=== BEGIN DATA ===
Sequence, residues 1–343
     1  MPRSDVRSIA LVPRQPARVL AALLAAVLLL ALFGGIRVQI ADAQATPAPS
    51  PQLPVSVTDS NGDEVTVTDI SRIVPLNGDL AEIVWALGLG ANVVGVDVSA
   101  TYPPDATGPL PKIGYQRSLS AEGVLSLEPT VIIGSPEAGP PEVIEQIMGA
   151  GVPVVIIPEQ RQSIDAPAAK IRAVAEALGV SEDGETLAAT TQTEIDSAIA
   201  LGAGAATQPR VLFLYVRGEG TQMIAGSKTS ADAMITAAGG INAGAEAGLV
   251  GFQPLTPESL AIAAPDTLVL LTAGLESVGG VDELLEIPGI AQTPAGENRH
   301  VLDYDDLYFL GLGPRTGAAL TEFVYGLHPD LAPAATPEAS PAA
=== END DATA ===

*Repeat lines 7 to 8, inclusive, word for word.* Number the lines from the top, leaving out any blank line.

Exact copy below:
   251  GFQPLTPESL AIAAPDTLVL LTAGLESVGG VDELLEIPGI AQTPAGENRH
   301  VLDYDDLYFL GLGPRTGAAL TEFVYGLHPD LAPAATPEAS PAA